Unless you’re a professional plumber, it’s not easy to make your way through the various plumbing fittings types and make sense of the often-convoluted plumbing terms out there.

Don’t worry – you’re not alone!

At Plumbing Superstore, our customers often ask us:

What are the parts of a pipe fitting called?

To answer this question and help you gain a better understanding of the different types of pipe fittings and plumbing connections, we’ve put together a comprehensive glossary of terms.


Types of pipe fittings


Adaptor: A piping and plumbing fitting used to connect two different types or sizes of pipes or fittings.


Ball valve: A type of valve that uses a spherical ball with a hole in it to control the flow of fluid by rotating the ball within a passage.

Barb fitting: A fitting with barbed ends used for connecting hoses or flexible tubing.

Blind flange: A solid flange used to close the end of a pipe or valve.

BSP (British Standard Piping): Globally recognised technical standards for screw threads to enable the secure connection and sealing of pipes and fittings through the mating of male and female threads.

Bulkhead fitting: Used to create a secure connection through a wall or tank.

Bush: A type of fitting with one threaded end and one unthreaded end which is used to connect pipes of different sizes by reducing the size of one end.

Butt weld: A type of weld used to join two pipes or fittings at their ends by melting them together.


Cap: Used to close the end of a pipe and provide a seal.

Check valve: A type of valve that allows fluid to flow in only one direction, preventing backflow.

Cleanout: A type of fitting with a removable cap or plug designed to provide access for clearing blockages or cleaning debris from a drainage or sewer pipe.

Compression fitting: Creates a watertight connection by compressing a ring or ferrule onto the pipe.

Corrosion resistance: The ability of a material to withstand chemical reactions that would otherwise cause deterioration.

Coupling: Used to connect two pipes of the same (or similar) size in a straight line.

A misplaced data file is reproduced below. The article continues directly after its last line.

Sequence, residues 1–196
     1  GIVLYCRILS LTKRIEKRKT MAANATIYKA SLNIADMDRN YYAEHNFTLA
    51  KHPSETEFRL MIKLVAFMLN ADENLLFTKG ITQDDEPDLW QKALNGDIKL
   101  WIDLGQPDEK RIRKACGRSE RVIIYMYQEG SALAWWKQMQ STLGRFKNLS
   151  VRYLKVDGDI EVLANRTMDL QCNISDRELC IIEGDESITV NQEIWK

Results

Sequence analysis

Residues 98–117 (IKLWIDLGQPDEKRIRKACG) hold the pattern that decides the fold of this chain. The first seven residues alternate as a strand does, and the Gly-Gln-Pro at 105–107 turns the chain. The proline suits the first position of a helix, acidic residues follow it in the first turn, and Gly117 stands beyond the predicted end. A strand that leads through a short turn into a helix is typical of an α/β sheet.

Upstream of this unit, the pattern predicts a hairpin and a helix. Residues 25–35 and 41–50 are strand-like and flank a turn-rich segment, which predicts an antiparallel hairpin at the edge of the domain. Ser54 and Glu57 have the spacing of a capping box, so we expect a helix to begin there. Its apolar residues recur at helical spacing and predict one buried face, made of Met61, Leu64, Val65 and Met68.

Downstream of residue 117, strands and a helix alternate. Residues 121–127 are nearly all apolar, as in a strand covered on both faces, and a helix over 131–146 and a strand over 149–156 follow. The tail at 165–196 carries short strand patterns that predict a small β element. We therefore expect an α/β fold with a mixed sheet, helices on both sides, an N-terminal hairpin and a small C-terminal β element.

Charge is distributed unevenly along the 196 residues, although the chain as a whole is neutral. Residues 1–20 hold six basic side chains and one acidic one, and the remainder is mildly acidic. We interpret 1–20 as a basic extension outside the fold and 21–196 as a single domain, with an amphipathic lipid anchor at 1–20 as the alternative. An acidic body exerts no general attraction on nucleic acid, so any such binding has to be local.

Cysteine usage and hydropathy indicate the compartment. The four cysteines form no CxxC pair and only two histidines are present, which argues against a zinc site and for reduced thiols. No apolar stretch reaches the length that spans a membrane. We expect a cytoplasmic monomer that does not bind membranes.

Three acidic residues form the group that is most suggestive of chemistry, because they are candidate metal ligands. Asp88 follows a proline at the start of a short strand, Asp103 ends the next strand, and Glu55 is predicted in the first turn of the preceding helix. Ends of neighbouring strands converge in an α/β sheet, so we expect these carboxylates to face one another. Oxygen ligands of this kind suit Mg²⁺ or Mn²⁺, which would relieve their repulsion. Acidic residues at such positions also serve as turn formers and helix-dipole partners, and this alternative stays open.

Cross fitting: A type of plumbing fitting with four openings arranged at right angles to each other which allows for connections in a crosswise configuration.


Deflection Temperature (Heat Distortion): A measure used in plumbing systems to determine the temperature at which a plastic material or component begins to deform under a specific load, indicating its ability to withstand elevated temperatures without losing its structural integrity.

Diverter tee: A type of tee with three openings designed to divert the flow of water from one source into two separate directions within a pipe system. Commonly used in shower or bathtub fixtures to control water flow between a showerhead and a bathtub spout.

Dynamic Pressure: The pressure exerted by the moving water within the pipes, resulting from its velocity and kinetic energy. Distinct from static pressure, which is the pressure of water at rest.


Elasticity: The ability of the fitting or material to deform under stress and then return to its original shape once the stress is removed, allowing it to accommodate changes in pipe dimensions and absorb mechanical vibrations and shocks.

Elbow: A curved fitting used to change the direction of a pipe, typically at a 90° or 45° angle.


Female thread: The threaded part of a fitting with internal threads designed to receive and be joined with a corresponding male-threaded component.

Male and female threads

Fitting: A component or device used in plumbing systems to connect, extend, divert or control the flow of water or other fluids within pipes and tubing, ensuring a secure and watertight connection between various plumbing components.

Flange: A flat, circular fitting with bolt holes used to connect pipes, valves or equipment to form a piping system.

Flange face: The flat surface of a flange where gaskets are placed to create a seal.

Flare fitting: Used to create a leak-free connection between pipes or tubing that carry gases, such as those used in HVAC systems or gas lines, by flaring the end of the pipe and using a flare nut to secure it to another fitting or component.

Flush bush: A type of bush used to create a flush or smooth transition between two pipes or fittings of different sizes. Has one male-threaded end and one smooth, unthreaded end.


Gasket: A sealing component placed between flange faces to prevent leaks in a flanged joint.


Hose barb: A fitting with a barbed end used to connect hoses to pipes or other equipment.


Inner Diameter (ID): The measurement of the distance across the inside of a pipe, tube or conduit which helps determine the flow capacity of the plumbing system.